- A tax credit is available for anyone who may pay income tax to other states, which allows you to own multiple homes with a little more ease.
- The Georgia state sales tax is 4%.
The moderate taxes in Georgia make it an interesting target for retirees, as do some of the breaks available for specific situations—but obviously your own mileage may vary depending on your age and your situation.
Benefits of Retiring in Georgia
Georgia has a rich culture, plenty of access to air travel, and a warm climate. With plenty of coast along the Atlantic Ocean, there’s no shortage of things to do. Some of the world’s top events—including the Masters golf tournament—take place in Georgia. If you’re an avid fan of an active lifestyle, there is plenty of hiking, walking, cycling, and more available all across the fine state of Georgia.
If you’re interested in seeking retirement in Georgia, or if you simply want to think about it as a long-term option, you might consider a Self-Directed IRA. A Georgia Self-Directed IRA will allow you to handle plenty of different investments under your own control—all while enjoying the tax protections of retirement accounts.
Are you interested in retiring in Georgia? Want to learn more about how to take advantage of all of the retirement capabilities you have? Then it’s time to think about a Self-Directed IRA. Continue browsing this website to learn more about a Georgia Self-Directed IRA, or contact us at 828-257-4949 to learn more about how you can secure a retirement for yourself.
Georgia Self-Directed IRA
You might have heard of this phrase before, liked the idea, but never really took the time to look into it. But now part of you knows that it’s definitely the time. A Georgia Self-Directed IRA is truly one of the most important ways in which you can take control of your financial future, deciding where your retirement investments go and how your portfolio will look.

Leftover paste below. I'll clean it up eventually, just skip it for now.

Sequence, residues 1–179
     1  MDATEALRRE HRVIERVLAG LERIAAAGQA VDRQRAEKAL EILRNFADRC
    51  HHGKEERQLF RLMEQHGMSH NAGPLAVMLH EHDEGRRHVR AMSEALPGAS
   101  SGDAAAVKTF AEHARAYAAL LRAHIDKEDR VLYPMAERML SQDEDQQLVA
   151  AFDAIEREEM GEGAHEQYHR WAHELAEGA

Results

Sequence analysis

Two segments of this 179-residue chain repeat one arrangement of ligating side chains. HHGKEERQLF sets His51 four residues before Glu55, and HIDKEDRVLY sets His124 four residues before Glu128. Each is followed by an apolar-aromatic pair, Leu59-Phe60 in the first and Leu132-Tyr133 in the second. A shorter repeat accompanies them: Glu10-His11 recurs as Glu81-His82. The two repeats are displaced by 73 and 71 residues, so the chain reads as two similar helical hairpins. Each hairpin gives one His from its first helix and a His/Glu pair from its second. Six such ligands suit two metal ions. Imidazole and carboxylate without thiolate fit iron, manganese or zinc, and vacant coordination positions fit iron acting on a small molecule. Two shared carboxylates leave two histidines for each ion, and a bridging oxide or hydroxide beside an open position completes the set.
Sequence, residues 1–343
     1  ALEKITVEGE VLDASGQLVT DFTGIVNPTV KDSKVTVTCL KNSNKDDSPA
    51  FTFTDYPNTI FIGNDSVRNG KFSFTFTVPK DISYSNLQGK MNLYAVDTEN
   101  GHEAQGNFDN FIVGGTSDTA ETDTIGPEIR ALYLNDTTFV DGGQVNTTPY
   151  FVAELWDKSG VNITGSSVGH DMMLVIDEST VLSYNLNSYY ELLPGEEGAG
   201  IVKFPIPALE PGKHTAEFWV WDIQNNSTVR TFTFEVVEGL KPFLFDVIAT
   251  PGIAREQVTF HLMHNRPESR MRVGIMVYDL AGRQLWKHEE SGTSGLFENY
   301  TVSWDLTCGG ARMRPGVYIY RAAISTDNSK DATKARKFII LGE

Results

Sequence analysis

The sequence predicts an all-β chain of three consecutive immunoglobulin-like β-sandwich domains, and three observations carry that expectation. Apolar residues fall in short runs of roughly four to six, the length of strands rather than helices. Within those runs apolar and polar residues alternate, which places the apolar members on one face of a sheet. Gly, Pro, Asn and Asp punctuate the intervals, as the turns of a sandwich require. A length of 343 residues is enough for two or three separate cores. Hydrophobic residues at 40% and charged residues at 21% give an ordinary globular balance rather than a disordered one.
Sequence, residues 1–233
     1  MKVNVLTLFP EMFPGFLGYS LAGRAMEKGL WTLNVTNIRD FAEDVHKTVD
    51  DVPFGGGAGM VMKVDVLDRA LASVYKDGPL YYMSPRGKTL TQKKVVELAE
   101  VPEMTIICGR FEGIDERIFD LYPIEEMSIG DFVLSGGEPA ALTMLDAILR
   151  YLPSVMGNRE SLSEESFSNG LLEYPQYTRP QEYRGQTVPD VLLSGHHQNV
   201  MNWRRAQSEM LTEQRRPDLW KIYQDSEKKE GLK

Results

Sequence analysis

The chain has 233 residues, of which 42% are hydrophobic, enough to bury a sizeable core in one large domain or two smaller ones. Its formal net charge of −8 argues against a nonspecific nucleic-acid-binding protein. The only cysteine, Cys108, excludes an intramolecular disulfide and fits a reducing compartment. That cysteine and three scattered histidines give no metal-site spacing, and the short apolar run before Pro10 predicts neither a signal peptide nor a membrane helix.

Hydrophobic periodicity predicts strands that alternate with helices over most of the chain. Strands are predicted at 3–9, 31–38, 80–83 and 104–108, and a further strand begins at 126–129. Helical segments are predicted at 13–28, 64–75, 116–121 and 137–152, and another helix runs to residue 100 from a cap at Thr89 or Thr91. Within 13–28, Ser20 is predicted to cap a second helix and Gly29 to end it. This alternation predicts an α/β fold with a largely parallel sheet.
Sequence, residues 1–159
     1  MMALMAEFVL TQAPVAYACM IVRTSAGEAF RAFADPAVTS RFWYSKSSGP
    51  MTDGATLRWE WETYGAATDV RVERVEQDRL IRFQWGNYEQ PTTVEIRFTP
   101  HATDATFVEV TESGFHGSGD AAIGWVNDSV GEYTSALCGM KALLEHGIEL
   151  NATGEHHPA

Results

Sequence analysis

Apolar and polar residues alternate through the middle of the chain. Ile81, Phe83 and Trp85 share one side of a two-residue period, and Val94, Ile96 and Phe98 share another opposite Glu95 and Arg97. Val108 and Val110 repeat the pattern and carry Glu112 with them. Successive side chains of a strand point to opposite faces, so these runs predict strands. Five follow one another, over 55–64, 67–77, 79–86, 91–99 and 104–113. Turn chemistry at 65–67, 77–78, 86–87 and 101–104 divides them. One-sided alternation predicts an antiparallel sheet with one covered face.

But what exactly does “Self-Direction” really mean, and what are your options should you choose to direct your own retirement account? In this section, we’ll take a closer look at what this phrase means, the various tools you have at your disposal, and break down these IRAs into their individual categories. Along the way, you’ll find that the same protections you have for traditional retirement financial protections are available even if you self-direct.
If you believe in taking control over your portfolio, now’s the time to start learning about what kind of retirement you can have:
Why a Georgia Self-Directed IRA?
Stocks. Mutual funds. CDs. Bonds.
For years, you’ve heard that these are the types of investment vehicles through which to secure your retirement. The stock market tends to appreciate over the long haul, after all, and bonds are conservative and low on risk. Mutual funds have popped up in recent decades as one of the most popular investment vehicles as well, closely monitoring certain aspects of the stock market.
What most people do not know is that these are not the only investment types available for retirement.